Note: To read the Preface and Prologue to The Wishing Map first, click here.
The Wishing Map
Chapter One: The Double Moon
“Zachary Zinn rode like the wind on his faithful steed, El Furioso,” Zack narrated as he pedaled. Zachary Zinn wasn’t his real name, of course. It was his alter ego, a super-hero with a crooked grin and muscles like veiny boulders, disguised as an ordinary kid, who bore a striking resemblance to Zack. El Furioso was the winged, midnight-black demon stallion Zinn had saved from Hell.
Zack had been drawing pictures of ZZ and Fury for two years. One day he’d publish his first comic book, and the rest would be history. In the meantime, he was Zachaeus Elliot Dore, named for the shortest guy in the Bible.
To Zack, imagination was everything, and pretend was the fountain through which imagination sprang to life, but recently that fountain had sprung a serious leak and now he was desperately trying to repair it. That was why he was pedaling so intently toward Minzer Reservoir. Laced with wispy upside down clouds floating in sky blue water, surrounded by the green-souled Kleemuk Hills, Minzer Reservoir was truly beautiful, but that wasn’t why Zack was headed there. It was because he hoped to find kids younger than himself to play with.
For the skeleton in Zack’s cupboard was that he still loved to pretend—deeply, desperately loved it. But when you’re almost thirteen, the list of guys your own age that are willing to play make-believe starts getting painfully short.
Zack’s mid-life crisis had begun a month ago when his best friend, a middle school giant named Arman Artunian, left for Armenia. “I gotta go hang out with foreigners I’m supposed to be related to,” Arman had complained. And now Arman, whom Zack had never passed more than two days without seeing, was gone—for nearly four months. It might as well be forever.
Zack was lost in thought, his principal address lately, as he pedaled down Third Street past Mike’s Bikes: Sales and Service that hot June morning…which may be why he failed to notice that the normally cheerful one storey blue and yellow building that housed Mike’s Bikes had just risen six feet off the ground and was beginning to twist and maw at the air like a voracious cinderblock shark.
It should not have been able to do this, of course, but there it was, salaciously sucking in everything around it: manicured boxwoods, sleek Euro bike racks, a passing cat. Its entrance awning flailed like a blue and yellow striped tongue, its tinted doors gnashed like big glass bicuspids. It was furious—furious because something had escaped its jaws.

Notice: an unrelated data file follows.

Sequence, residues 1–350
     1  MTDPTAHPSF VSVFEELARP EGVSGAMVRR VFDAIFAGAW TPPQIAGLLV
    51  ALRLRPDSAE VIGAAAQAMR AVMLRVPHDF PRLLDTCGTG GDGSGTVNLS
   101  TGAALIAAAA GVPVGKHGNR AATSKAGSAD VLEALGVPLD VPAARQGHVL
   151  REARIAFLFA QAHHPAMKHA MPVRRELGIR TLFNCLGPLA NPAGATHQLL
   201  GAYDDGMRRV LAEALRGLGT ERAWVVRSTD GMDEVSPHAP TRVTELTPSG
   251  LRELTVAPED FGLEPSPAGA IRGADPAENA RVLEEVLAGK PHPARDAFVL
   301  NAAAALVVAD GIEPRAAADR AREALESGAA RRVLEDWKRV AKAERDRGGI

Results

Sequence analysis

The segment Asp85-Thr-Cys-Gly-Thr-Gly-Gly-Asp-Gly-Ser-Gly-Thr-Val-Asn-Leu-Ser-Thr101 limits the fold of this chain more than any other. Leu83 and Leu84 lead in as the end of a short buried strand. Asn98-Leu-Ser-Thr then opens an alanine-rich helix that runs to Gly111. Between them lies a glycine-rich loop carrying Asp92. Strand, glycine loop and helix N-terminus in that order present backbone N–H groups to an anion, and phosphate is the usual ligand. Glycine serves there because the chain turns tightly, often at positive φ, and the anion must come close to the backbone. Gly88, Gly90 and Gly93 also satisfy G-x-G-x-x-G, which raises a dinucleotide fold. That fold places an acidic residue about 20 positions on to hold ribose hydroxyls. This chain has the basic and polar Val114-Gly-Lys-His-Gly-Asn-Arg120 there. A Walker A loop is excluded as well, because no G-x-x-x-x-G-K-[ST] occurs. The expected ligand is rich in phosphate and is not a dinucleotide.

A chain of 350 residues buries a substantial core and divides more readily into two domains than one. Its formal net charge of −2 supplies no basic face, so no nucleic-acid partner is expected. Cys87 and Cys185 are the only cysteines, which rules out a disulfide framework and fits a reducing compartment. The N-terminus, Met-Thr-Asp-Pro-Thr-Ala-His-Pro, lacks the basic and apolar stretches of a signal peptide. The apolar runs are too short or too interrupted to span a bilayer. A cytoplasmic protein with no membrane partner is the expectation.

That something was a startlingly large, alarmingly red-headed woman who’d passed under the awning just a moment before. She was tightly clutching what looked like a worn, rolled up carpet, and seemed intent upon preserving it at all costs. “Hah! Missed me!” she shouted as she hurried on.
At first the three other passersby simply stared, then one screamed, another walked into a juniper bush, and the third, an elderly lady from South Carolina, managed to faint. A passing driver in a pink Maxwell Florists van swerved, but then adjusted his mirror, cursed its “&#!?>!*%! wobbly bolts,” and drove on.
The startlingly large, alarmingly red-headed woman, now a building away, turned to chiropractor Marc Neitterbaum as he entered his office and said, “Sorry.”
Dr. Neitterbaum blinked and mumbled, “Mmm-hmm.” He hadn’t seen a thing.
The entire incident lasted less than a minute. As quickly as it happened, it simply un-happened. Mike’s Bikes shuddered as if awakening from a nightmare, wafted listlessly down onto its foundation, and went back to sleep. The building’s human contents—Stu-the-Bike-Repairman and two wiry guys in tight checkered shorts—like travelers in a large passenger jet, had only felt a minor rumbling. Doors, shrubs, bike racks, and cat were all returned to their rightful places, and none seemed worse for the wear, although the cat hissed at anything that came near it for the next several days.
Of the three passersby, the man who’d screamed swore off coffee forever, the woman who’d walked into the juniper bush started regularly wearing her glasses again, and the old lady from South Carolina made an immediate appointment for an adjustment with Dr. Neitterbaum. Within the hour, all were convinced nothing had happened. Because if there was anything the citizens of Middleton knew for certain, it was that if you can’t explain a thing—it didn’t happen.
The red-headed woman, whom no one recalled having ever seen before, hurried quickly on. And Zack Dore, who by now was five blocks south, had missed the entire thing. Still, he felt more certain than ever that Middleton would never again be…
An eight minute long town.
⇔ ⇔ ⇔
Thoughts: “If you can’t explain a thing—it didn’t happen.” And yet…
To read The Wishing Map 3, click here.